Philpott v. State Of New York et al, No. 1:2016cv06778 - Document 38 (S.D.N.Y. 2017)

Court Description: OPINION AND ORDER GRANTING IN PART AND DENYING IN PART DEFENDANTS' MOTION TO DISMISS re: 27 MOTION to Dismiss Complaint filed by The University of the State of New York, State Of New York, State University of New Yo rk, 35 LETTER MOTION for Conference addressed to Judge Alvin K. Hellerstein from Daniel E. Dugan dated April 3, 2017 filed by Jeffrey Philpott. For the reasons stated above, defendant's motion is granted in part and denied in part. The clerk shall terminate the motion and the related letter-motion (Dkt. Nos. 27, 35). Plaintiff shall file an amended complaint in accordance with this opinion by May 18, 2017, and defendant shall answer by May 29, 2017. A stat us conference will be held on June 16, 2017, at 10:00 a.m., at which the parties shall propose a discovery plan. (As further set forth in this Opinion and Order.) ( Amended Pleadings due by 5/18/2017., Status Conference set for 6/16/2017 at 10:00 AM before Judge Alvin K. Hellerstein.) (Signed by Judge Alvin K. Hellerstein on 5/3/2017) (mro)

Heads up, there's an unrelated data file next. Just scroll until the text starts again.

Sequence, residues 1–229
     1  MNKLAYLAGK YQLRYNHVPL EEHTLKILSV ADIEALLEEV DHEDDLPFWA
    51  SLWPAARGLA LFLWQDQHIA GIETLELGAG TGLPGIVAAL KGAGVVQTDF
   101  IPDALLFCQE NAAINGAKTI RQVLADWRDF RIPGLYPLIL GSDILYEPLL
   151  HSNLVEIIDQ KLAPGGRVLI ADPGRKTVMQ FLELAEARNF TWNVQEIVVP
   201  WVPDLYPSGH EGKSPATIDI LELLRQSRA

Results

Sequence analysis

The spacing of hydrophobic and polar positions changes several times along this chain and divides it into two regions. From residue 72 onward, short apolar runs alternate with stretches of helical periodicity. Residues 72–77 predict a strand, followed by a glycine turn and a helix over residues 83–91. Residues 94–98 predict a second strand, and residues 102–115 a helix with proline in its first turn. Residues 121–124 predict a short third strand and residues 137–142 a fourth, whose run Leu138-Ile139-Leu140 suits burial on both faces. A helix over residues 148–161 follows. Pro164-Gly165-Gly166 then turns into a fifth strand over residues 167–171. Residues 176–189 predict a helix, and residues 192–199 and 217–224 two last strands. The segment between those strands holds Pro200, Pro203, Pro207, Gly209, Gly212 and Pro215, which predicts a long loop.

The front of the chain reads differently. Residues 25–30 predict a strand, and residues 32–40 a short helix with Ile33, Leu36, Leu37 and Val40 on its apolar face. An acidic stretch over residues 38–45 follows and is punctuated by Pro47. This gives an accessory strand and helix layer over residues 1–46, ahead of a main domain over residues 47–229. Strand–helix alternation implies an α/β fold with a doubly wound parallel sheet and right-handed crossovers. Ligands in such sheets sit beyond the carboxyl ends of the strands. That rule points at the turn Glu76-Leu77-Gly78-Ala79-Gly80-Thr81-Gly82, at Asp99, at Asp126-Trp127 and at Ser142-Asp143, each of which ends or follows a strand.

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Philpott v. State Of New York et al Doc. 38 UNITED STATES DISTRICT COURT SOUTHERN DISTRICT OF NEW YORK -------------------------------------------------------------- )( JEFFREY PHILPOTT, OPINION AND ORDER GRANTING IN PART AND DENYING IN PART DEFENDANTS' MOTION TO DISMISS Plaintiff, v. STA TE OF NEW YORK, THE UNIVERSITY OF THE STATE OF NEW YORK, and STATE UNIVERSITY OF NEW YORK, 16 Civ. 6778 (AKH) Defendants. -------------------------------------------------------------- )( ALVIN K. HELLERSTEIN, U.S.D.J.: Plaintiff Jeffery Philpott, a former Vice President of Student Affairs at SUNY's College of Optometry, brought this employment discrimination action alleging that he was discriminated against and harassed on the basis of his sexual orientation and chemical dependence. Plaintiff also alleges that his employment was terminated shortly after he complained of the discrimination. On January 27, 2017, Defendants State of New York, University of the State of New York, and State University of New York moved to dismiss the complaint on a variety of grounds. Plaintiff has since conceded that two of these defendants the State of New York and the University of the State of the New York- are not proper defendants. Plaintiff has also withdrawn his American with Disabilities Act, 42 U.S.C. § 12112 ("ADA"), claim alleging chemical dependence discrimination. As a result, the only remaining defendant is the State University of New York ("SUNY"), and the only remaining claims are for sexual orientation discrimination, hostile work environment, and retaliation under Title VII of the Civil Rights Act of 1964, 42 U.S.C. § 2000e et seq. ("Title VII"), and Title l)( of the Education Amendments of 1972, 20 U.S.C. § 1681 et seq. ("Title I)("). In light of plaintiff's Dockets.Justia.com concessions, defendant's motion now presents the following four issues: (1) whether plaintiffs sexual orientation discrimination claim is cognizable under Title VII; (2) assuming that such a claim is cognizable under Title VII, whether plaintiff has stated a plausible claim; (3) whether any of plaintiffs allegations are untimely under the applicable statute of limitations; and (4) whether plaintiffs sexual orientation discrimination claim may brought under Title VII only, and not under Title IX. For the reasons discussed herein, defendant's motion is granted in part and denied in part. DISCUSSION I. Plaintiff's Claim for Sexual Orientation Discrimination is Cognizable Under Title VII Title VII makes it "an unlawful employment practice for an employer ... to fail or refuse to hire or to discharge ... or otherwise to discriminate against any individual with respect to his [or her] compensation, terms, conditions, or privileges of employment, because of such individual's ... sex." 42 U.S.C. § 2000e-2(a)(l). In Simonton v. Runyon, 232 F.3d 33 (2d Cir. 2000), the Second Circuit held that Title VII does not prohibit discrimination on the basis of sexual orientation. In 2005, the Second Circuit reaffirmed that holding in Dawson v. Bumble & Bumble, 398 F.3d 211 (2d Cir. 2005). Most recently, in Christiansen v. Omnicom Grp., Inc., 852 F.3d 195 (2d Cir. 2017), a panel of the Second Circuit concluded that it lacked the power to reconsider those prior cases, and reaffirmed Simonton and Dawson, albeit somewhat reluctantly. The Christiansen court clarified that even though a claim for sexual orientation discrimination is not cognizable under Title VII, a "claim based on the gender stereotyping theory of sex discrimination," which was first articulated in Price Waterhouse v. Hopkins, 490 U.S. 228 (1989), remains cognizable under Title VII. Defendant argues that in light of this controlling authority, the Court must dismiss plaintiffs Title VII sexual orientation discrimination claim. Plaintiff, in turn, has requested 2 leave to amend his complaint, presumably for the purpose of reframing his allegations in terms of gender stereotyping discrimination, as opposed to sexual orientation discrimination. Neither relief is appropriate. The law with respect to this legal question is clearly in a state of flux, and the Second Circuit, or perhaps the Supreme Court, may return to this question soon. In light of the evolving state of the law, dismissal of plaintiffs Title VII claim is improper. In Christiansen, Chief Judge Katzmann wrote a concurring opinion, which was joined by Judge Margo Brodie (who was sitting on the Second Circuit by designation). See Christiansen, 852 F.3d at 201 (Katzmann, C.J., concurring). Judge Katzmann's majority concurrence persuasively outlines why sexual orientation discrimination is a form of sex discrimination and should therefore be cognizable under Title VII. See id 201-06. Judge Katzmann articulated three distinct justifications for this conclusion, but his central point was that "sexual orientation discrimination is sex discrimination for the simple reason that such discrimination treats otherwise similarly-situated people differently solely because of their sex." This is because "sexual orientation cannot be defined or understood without reference to sex." Id at 202. Judge Katzmann also explained that sexual orientation discrimination is a form of sex discrimination because "such discrimination is inherently rooted in gender stereotypes." Id. at 205. In fact, the Second Circuit had previously suggested as much in Dawson, when it observed that "[s]tereotypical notions about how men and women should behave will often necessarily blur into ideas about heterosexuality and homosexuality." Dawson, 398 F.3d at 218 (alteration in original) (internal quotation marks omitted). In light of this prior observation, Judge Katzmann reasoned that "it is logically untenable for us to insist that this particular gender stereotype" - stereotyping on the basis of sexual orientation - "is outside of the gender stereotype discrimination prohibition articulated in Price Waterhouse." Id. at 205. Judge Katzmann concluded his concurrence by stating that "in the context of an appropriate case our 3 Court should consider reexamining the holding that sexual orientation discrimination claims are not cognizable under Title VII." Id. at 207. Revisiting this question was warranted "especially in light of the changing legal landscape that has taken shape in the nearly two decades since Simonton issued." Id. at 202. On April 4, 2017, just a week after the Second Circuit issued its decision in Christiansen, the Seventh Circuit became the first Court of Appeals to unequivocally hold that "discrimination on the basis of sexual orientation is a form of sex discrimination" and therefore cognizable under Title VII. Hively v. Ivy Tech Cmty. Coll. of Indiana, 853 F.3d 339 (7th Cir. 2017) (en bane). Among other reasons, the Seventh Circuit made this ruling "to bring our law into conformity with the Supreme Court's teachings." Id. at 343. The Seventh Circuit was also compelled by "the common-sense reality that it is actually impossible to discriminate on the basis of sexual orientation without discriminating on the basis of sex." Id. at 351. As discussed below in Section II of this opinion, plaintiff has adequately alleged that he was discriminated against because of his sexual orientation. Under the analysis set forth in both the Second Circuit's majority concurrence in Christiansen and the Seventh Circuit's en bane holding in Hively, because plaintiff has stated a claim for sexual orientation discrimination, "common sense" dictates that he has also stated a claim for gender stereotyping discrimination, which is cognizable under Title VII. The fact that plaintiff has framed his complaint in terms of sexual orientation discrimination and not gender stereotyping discrimination is immaterial. I decline to embrace an "illogical" and artificial distinction between gender stereotyping discrimination and sexual orientation discrimination, and in so doing, I join several other courts throughout the country. See Videckis v. Pepperdine Univ., 150 F.Supp.3d 1151, 1159 (C.D. Cal. 2015) (collecting cases) ("Simply put, the line between sex discrimination and sexual orientation discrimination is 'difficult to draw' because that line does not exist, save as a lingering and faulty judicial construct."). For these reasons, and in light of the evolving state of the law on this 4 question, I hold that plaintiffs sexual orientation discrimination claim is cognizable under Title VII. II. Plaintiff Has Plausibly Alleged a Claim of Sexual Orientation Discrimination and Retaliation Defendant argues that even if plaintiffs sexual orientation discrimination claim is cognizable under Title VII, plaintiff has failed to plausibly state such a claim here. This argument fails. Plaintiff has adequately alleged claims for sexual orientation discrimination, hostile work environment, and retaliation. Plaintiff alleges that over a period of several years, Dr. David Heath, the President of SUNY Optometry, and Gui Albieri, a co-worker of plaintiff, made a range of discriminatory comments directed at plaintiff, that Dr. Heath excluded plaintiff from meetings and projects because of his sexual orientation, and that when plaintiff finally complained about this discrimination, his employment was terminated shortly thereafter. For example, plaintiff alleges that beginning in 2011, Dr. Heath began making comments about plaintiff based on his sexual orientation, such as calling him "sensitive," "flamboyant," and "frenetic." Compl. 10. Plaintiff alleges that comments such as these were ongoing and continuous through his employment. In the spring of 2014, Albieri told plaintiff that "we are only work associates, not friends ... you know [my wife] and I do not want our children to be around homosexuality ... at least not in their formative years." Compl. 13. In September 2014, Dr. Heath told plaintiff that "separate but equal treatment of gay people might be best." Compl. 14. When Dr. Heath learned that plaintiff had ended a 17-year relationship with his domestic partner, he told plaintiff that "this marriage, or whatever you want to call it, is a distraction to the College." Compl. 15. In January 2015, plaintiff informed Dr. Heath that he had developed a chemical dependency that was caused in part by plaintiffs reaction to what he perceived as a hostile work environment. Dr. Heath told plaintiff that "AIDS had to be managed, well manage this yourself," and commented that substance abuse was "common" in the gay 5 community. Compl. 15. Beginning in the spring of2015, plaintiff alleges that because of his sexual orientation, Dr. Heath began excluding plaintiff from meetings, ignored plaintiff's proposal's, and was dismissive of plaintiff's contributions. Compl. 16. In April 2015, Dr. Heath compared homosexuality to an eye condition that Dr. Heath suffered from, and claimed that both were "genetic misfires" and that "the question becomes, and certainly the answer is yes, they are being treated with rigorous therapy." Compl. 17. Also in 2015, Albieri told plaintiff that "you make a good salary ... but your team [gays] doesn't have kids. You have more than you need. We should switch salaries." Compl. 19. The Complaint states additional allegations of discriminatory conduct along these lines. On September 2, 2015, plaintiff formally complained to Dr. Heath, and stated that Dr. Heath was discriminating against plaintiff on the basis of his sexual orientation and subjecting him to a hostile work environment. Compl. 22. Plaintiff also made this complaint to Doug Schading of the College of Optometry. Schading was dismissive of plaintiffs complaint and told plaintiff to "keep me posted but this is between you and [Dr. Heath]." Compl. 23. On October 15, 2015, plaintiff requested a leave of absence from his employment, but that request was denied. Plaintiffs leave was ultimately approved, but a few days later he received an email notifying him that his employment had been terminated. Compl. 26. On October 22, 2015, Schading reached out to plaintiff to "arrive at a mutually agreeable transition from his employment," but no separation agreement was reached. Plaintiffs employment was terminated by letter, effective November 20, 2015. Compl. 26-27. Based on these allegations, plaintiff has sufficiently stated claims for discrimination, hostile work environment, and retaliation. See Littlejohn v. City of N. Y., 795 F .3d 297 (2d Cir. 2015). 6 III. Plaintiff's Allegations Are Not Barred by the Statute of Limitations Title VII claims must be filed with the Equal Employment Opportunity Commission ("EEOC") within 300 days of the discriminatory act complained of. Williams v. N. Y Haus. Auth., 458 F.3d 67, 69 (2d Cir. 2006). Defendant argues that because plaintiff did not file an administrative complaint with the EEOC until February 24, 2016, any allegations of discriminatory conduct that pre-date April 30, 2015 are untimely. However, the statute of limitations does not "bar an employee from using the prior acts as background evidence in support of a timely claim." Nat'! R.R. Passenger Corp. v. Morgan, 536 U.S. 101, 113 (2002); see also Coger v. Connecticut Dep 't of Pub. Safety, 143 F. App'x 372, 374 (2d Cir. 2005) ("Plaintiff argues, and we agree, that [Morgan] requires the consideration of facts, related to claims now untimely, as background to timely claims."). Additionally, conduct that occurred outside the limitations period is relevant to plaintiffs hostile work environment claim. "A claim of hostile work environment is timely so long as one act contributing to the claim occurred within the statutory period; if it did, 'the entire time period of the hostile environment may be considered by a court for the purposes of determining liability."' Patterson v. Cty. of Oneida, N. Y, 375 F.3d 206, 220 (2d Cir. 2004) (quoting Morgan, 536 U.S. at 117). Thus, although plaintiff may not recover for "discrete acts" that occurred outside the limitations period, that conduct is still relevant to his claims and is properly included in the Complaint. IV. Plaintiff's Title IX Claim is Dismissed Title IX provides that "no person in the United States shall, on the basis of sex, be excluded from participation in, be denied the benefits of, or be subjected to discrimination under any education program or activity receiving Federal financial assistance." 20 U.S.C § 1681(a). Plaintiff was an employee, not a student, of SUNY Optometry, and his claim is quintessentially one for employment discrimination. Title VII imposes an administrative exhaustion requirement that is absent from Title IX. As many courts have previously held, allowing employees to sue 7 for discrimination under Title IX would enable many federal employees to bypass the remedial process that Congress established under Title VII. Accordingly, I join many other courts in this district, and hold that employment discrimination claims are not actionable under Title IX. See Burrell v. City Univ. ofN. Y, 995 F. Supp. 398, 408 (S.D.N.Y. 1998) ("[T]he remedies of Title IX are limited to student plaintiffs, and Title VII is meant to offer the exclusive remedy for employment discrimination based on sex."); Lakoski v. James, 66 F.3d 751, 753 (5th Cir .. 1995) ("We are not persuaded that Congress intended that Title IX offer a bypass of the remedial process of Title VII. We hold that Title VII provides the exclusive remedy for individuals alleging employment discrimination on the basis of sex in federally funded educational institutions."); Vega v. State Univ. of N. Y Bd. a/Trustees, 2000 WL 381430, at *3 (S.D.N.Y. Apr. 13, 2000) ("This Court agrees with the Fifth Circuit and numerous district courts that have held that Title VII provides the exclusive remedy for individuals alleging employment discrimination on the basis of sex, and limiting money damages under Title IX to student plaintiffs."). Defendant's motion to dismiss plaintiffs Title IX claim is granted. CONCLUSION For the reasons stated above, defendant's motion is granted in part and denied in part. The clerk shall terminate the motion and the related letter-motion (Dkt. Nos. 27, 35). Plaintiff shall file an amended complaint in accordance with this opinion by May 18, 2017, and defendant shall answer by May 29, 2017. A status conference will be held on June 16, 2017, at 10:00 a.m., at which the parties shall propose a discovery plan. SO ORDERED. Dated: 2, 2017 May New York, New York United States District Judge 8